Andrew C. Kuchins

Andrew C. Kuchins , Ph.D.

Adjunct Professor of European and Eurasian Studies
European and Eurasian Studies

Expertise

Regions
  • Eastern Europe
  • Russia

Background and Education

Andrew C. Kuchins is an adjunct professor with the Paul H. Nitze School of Advanced International Studies, and a senior fellow and director of the CSIS Russia and Eurasia program.  He is an internationally known expert on Russian foreign and domestic policies who publishes widely and is frequently called on by business, government, media, and academic leaders for comment and consulting on Russian and Eurasian affairs.  His more recent scholarship has been devoted to issues including U.S.-Russia relations and the "reset", Russia's Asia strategy, and the role of energy in the Russian Far East. 

From 2000-2006, Kuchins was a senior associate at the Carnegie Endowment for International Peace, where he previously served as director of its Russian and Eurasian Program in Washington, DC from 2000-2003 and again in 2006.  He was director of the Carnegie Moscow Center in Russia from 2003-2005.  He has also held senior managment and research positions at the John D. and Catherine T. MacArthur Foundation, Stanford University, and the University of California at Berkeley.  

Kuchins has also taught at Georgetown and Stanford Universities.  He holds a B.A. from Amherst College and a M.A. and Ph.D. from Johns Hopkins SAIS.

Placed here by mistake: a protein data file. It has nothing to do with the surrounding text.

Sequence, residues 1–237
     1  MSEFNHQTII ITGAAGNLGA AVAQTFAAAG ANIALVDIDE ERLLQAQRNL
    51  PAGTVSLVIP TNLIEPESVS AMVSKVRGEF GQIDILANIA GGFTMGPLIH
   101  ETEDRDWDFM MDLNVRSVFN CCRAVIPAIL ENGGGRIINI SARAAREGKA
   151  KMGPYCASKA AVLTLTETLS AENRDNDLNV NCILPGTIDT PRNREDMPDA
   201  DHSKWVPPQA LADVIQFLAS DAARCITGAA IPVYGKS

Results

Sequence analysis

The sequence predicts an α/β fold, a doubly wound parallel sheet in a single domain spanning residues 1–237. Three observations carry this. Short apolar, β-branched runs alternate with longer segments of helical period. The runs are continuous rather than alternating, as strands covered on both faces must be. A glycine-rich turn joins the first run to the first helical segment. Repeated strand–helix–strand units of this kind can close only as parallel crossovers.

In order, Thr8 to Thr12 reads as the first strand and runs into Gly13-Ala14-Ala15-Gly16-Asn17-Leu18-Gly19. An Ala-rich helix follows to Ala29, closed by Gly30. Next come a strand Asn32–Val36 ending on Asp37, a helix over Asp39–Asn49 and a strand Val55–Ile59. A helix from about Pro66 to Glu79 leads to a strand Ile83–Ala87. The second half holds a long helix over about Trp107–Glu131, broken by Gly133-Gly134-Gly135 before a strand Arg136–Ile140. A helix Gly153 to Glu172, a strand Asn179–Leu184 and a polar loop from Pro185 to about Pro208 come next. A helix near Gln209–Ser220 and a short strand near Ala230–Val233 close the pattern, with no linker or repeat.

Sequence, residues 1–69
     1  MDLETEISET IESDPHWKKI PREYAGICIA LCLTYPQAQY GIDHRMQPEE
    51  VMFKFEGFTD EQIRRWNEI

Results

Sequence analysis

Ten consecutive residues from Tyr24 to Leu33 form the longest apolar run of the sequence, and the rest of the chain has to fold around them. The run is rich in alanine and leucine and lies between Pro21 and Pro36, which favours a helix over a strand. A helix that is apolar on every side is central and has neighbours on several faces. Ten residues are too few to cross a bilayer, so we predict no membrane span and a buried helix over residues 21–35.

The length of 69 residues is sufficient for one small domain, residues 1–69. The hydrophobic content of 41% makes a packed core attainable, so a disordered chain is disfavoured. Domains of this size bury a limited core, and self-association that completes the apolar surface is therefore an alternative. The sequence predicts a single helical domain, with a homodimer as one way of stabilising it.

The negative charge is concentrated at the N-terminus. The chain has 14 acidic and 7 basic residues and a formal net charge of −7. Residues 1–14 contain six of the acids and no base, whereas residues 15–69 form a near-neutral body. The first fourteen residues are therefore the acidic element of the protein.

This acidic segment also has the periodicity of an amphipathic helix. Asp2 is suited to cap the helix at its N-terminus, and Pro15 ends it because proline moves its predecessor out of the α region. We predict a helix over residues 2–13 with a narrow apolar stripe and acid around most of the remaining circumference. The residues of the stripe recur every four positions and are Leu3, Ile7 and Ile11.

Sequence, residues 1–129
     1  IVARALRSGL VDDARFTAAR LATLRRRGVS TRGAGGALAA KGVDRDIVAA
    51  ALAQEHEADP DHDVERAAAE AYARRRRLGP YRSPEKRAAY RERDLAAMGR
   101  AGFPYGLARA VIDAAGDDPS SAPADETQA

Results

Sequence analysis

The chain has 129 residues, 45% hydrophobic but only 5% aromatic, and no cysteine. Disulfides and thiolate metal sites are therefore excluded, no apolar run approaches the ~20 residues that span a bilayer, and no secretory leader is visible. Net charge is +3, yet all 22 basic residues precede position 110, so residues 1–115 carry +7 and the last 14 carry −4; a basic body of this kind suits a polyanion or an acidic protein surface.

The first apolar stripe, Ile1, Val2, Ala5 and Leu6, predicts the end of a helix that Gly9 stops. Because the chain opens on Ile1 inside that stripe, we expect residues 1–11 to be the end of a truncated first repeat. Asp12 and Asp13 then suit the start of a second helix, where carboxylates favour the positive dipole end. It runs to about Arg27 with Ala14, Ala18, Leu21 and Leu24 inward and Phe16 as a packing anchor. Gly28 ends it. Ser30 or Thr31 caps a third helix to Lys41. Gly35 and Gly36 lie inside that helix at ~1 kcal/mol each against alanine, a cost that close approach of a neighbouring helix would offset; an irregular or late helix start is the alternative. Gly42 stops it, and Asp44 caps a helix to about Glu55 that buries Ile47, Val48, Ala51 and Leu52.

Spring 2014 
From the Tsaris...
From the Tsarist period through the Soviet era to contemporary Russia, political and economic power have been tightly linked. Usually the goals of economic growth and prosperity have taken a back seat to highly centralized political power. During the first half of this course, we will examine how this phenomenon developed in Tsarist and Soviet Russia and how the Soviet Union failed to resolve this dilemma and collapsed. The second half of the course will be devoted to the last twenty years of the development of post-Soviet Russia with emphasis on the contemporary challenges Russian leaders face as Russia becomes more prosperous and demands for better governance grow as modernization theory would predict.